What is it? Architecture firm Kraaijvanger was commissioned by the municipality of Venlo to design its new City Hall based on cradle-to-cradle design principles.
Why is this important? The buildings and construction sectors together consume 40% of all the materials entering the global economy (Khasreen et al., 2009), and also account for 36% of global final energy use (UN Environment & International Energy Agency, 2017). Buildings typically have long lifetimes, use significant amounts of heavy materials such as concrete, stone and steel and can create large amounts waste at the end of their lifetimes (Allwood et al., 2011; Holland Circular Hotspot, 2018). With an increasing global urban population, there is a growing need to both construct new sustainable buildings, as well as retrofit old structures (Eline et al., 2018). Therefore, it is important to innovate towards a circular construction economy incorporating ideas such as modular and regenerative design, material passports, buildings-as-a service, design for disassembly and material banks (Eline et al., 2018; Holland Circular Hotspot, 2018).
Main resource strategy: Closing the loop by designing a cradle-to-cradle building. All the materials in the city hall have a materials passport to help track them at the end of life (Kraaijvanger, 2020).
Other resource strategies:
- Narrowing the loop by constructing the building to be a temporary raw materials bank and implementing materials passports (Kraaijvanger, 2020).
- Regenerating the loop by having a green façade and rooftop greenhouses that purify the air around the building and reuse the rainwater (Kraaijvanger, 2020).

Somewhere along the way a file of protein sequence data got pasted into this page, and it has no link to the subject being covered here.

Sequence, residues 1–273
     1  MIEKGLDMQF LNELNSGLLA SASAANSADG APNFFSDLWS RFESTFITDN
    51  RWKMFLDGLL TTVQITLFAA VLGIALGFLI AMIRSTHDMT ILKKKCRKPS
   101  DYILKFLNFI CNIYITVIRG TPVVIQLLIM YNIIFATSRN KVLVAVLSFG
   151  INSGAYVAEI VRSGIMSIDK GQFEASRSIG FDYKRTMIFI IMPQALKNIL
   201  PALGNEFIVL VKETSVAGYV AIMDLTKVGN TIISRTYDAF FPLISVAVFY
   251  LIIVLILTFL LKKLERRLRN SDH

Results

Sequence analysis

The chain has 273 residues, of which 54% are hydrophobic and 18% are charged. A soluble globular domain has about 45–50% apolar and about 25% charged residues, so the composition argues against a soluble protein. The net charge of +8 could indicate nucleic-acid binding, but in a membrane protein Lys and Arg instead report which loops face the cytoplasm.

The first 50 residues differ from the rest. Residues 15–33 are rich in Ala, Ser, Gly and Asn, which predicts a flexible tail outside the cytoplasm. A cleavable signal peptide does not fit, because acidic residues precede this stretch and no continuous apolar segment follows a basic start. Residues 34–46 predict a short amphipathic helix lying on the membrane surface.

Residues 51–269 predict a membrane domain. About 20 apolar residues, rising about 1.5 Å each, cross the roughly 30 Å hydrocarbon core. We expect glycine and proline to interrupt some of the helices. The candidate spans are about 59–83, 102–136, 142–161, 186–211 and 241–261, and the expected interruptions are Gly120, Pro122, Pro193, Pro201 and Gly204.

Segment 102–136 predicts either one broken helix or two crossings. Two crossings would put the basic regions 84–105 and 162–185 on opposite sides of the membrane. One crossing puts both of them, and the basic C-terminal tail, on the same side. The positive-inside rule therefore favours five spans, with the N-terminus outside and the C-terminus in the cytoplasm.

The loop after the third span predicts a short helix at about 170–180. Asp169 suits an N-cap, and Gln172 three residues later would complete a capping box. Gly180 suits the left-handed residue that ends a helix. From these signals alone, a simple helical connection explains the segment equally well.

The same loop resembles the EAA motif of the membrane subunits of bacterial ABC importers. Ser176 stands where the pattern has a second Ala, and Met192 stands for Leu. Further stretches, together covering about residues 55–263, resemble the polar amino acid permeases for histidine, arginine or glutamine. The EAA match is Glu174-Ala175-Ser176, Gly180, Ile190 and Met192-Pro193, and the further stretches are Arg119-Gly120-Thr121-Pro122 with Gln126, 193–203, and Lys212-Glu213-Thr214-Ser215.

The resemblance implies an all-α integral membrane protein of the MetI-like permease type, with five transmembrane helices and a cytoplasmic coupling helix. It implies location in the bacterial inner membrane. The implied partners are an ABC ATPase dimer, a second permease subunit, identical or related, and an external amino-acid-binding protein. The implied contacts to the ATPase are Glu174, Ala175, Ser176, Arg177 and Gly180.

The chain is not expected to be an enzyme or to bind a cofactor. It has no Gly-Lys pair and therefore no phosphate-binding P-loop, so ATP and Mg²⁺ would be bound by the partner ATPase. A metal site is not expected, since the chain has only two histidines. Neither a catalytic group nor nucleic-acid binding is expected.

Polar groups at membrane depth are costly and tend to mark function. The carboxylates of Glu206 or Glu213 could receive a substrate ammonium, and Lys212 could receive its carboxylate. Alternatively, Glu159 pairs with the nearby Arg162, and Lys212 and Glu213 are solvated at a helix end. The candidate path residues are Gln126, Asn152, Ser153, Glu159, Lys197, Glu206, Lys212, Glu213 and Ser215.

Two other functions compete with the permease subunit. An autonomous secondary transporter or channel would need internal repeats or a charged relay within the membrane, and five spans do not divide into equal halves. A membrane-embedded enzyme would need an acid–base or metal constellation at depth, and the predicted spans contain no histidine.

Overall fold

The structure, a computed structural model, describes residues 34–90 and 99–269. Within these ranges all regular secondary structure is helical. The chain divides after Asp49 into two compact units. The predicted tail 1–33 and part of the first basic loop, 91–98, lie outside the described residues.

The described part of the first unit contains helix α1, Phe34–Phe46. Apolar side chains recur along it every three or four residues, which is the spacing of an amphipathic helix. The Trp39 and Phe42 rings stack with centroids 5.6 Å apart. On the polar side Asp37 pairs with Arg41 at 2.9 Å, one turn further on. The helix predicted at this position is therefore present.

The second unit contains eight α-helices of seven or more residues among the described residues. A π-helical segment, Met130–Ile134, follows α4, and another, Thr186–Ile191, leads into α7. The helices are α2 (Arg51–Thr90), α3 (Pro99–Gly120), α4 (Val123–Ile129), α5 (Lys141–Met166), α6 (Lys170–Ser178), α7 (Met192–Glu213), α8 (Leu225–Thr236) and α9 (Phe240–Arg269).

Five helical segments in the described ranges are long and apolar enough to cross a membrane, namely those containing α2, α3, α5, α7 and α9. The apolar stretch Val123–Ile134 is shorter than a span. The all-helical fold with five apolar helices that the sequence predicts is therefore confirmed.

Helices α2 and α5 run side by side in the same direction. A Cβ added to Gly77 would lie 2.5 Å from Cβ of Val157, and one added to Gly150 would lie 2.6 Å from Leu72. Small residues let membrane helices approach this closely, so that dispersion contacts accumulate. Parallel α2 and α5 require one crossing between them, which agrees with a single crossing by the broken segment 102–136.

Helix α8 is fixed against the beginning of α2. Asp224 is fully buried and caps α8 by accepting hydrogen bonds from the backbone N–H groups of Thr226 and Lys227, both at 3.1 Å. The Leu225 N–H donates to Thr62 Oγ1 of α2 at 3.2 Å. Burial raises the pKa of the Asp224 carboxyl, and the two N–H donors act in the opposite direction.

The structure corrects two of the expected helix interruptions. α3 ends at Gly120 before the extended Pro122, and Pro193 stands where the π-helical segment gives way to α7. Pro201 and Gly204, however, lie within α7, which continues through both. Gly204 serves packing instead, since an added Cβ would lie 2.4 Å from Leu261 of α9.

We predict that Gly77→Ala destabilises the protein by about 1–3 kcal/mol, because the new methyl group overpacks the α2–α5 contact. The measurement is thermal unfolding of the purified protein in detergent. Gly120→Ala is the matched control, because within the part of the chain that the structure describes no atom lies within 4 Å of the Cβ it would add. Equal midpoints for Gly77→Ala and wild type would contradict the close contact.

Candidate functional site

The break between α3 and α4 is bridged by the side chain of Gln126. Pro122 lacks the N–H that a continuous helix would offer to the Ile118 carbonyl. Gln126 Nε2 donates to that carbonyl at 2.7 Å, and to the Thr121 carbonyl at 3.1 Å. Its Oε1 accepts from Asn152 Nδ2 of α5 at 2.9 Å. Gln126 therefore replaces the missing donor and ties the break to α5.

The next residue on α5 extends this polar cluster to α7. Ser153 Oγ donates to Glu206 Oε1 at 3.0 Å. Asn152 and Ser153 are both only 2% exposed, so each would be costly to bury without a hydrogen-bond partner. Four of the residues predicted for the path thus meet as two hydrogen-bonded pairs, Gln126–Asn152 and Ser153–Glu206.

Business model aspects: The Municipality of Venlo commissioned Kraaijvanger to design its new City Hall with circularity in mind.
- Value Proposition: Providing a circular building to the residents of Venlo.
- Value Creation & Delivery: The building is like a “vertical city park” that cleans the air around it, recycles the water, and increases local biodiversity, while at the same time providing open, collaborative, functional and adaptive workspaces to the municipality (Kraaijvanger, 2020).
- Value Capture: A circular working space for the Municipality of Venlo that also acts as a temporary materials bank for many of the products used in construction (ArchDaily, 2020; Kraaijvanger, 2020).
Business model experimentation practices: Kraaijvanger has been experimenting with circular buildings and sustainable building materials since 1994, with Ecotopia being their first energy-neutral building (Kraaijvanger, 2021b). The company has a vision to innovate towards buildings that are like trees, “purifying the air and the water, supplying energy and raw materials for reuse” (Kraaijvanger, 2021a).
Sustainability outcomes: The green façade of the building contributes to increasing the biodiversity of the area and has more than 100 different plant species. The façade also filters 30% of NOx, SO3, and particulate matter from the motorways near it, while also contributing to natural air conditioning and climate control. The heat collected by the greenhouses on top of the building are used for heating, and the greenhouses also filter rainwater which is then used for water the green façade and for flushing toilets. The building is also designed to maximize natural daylight in order to minimize energy consumption (ArchDaily, 2020; Kraaijvanger, 2020).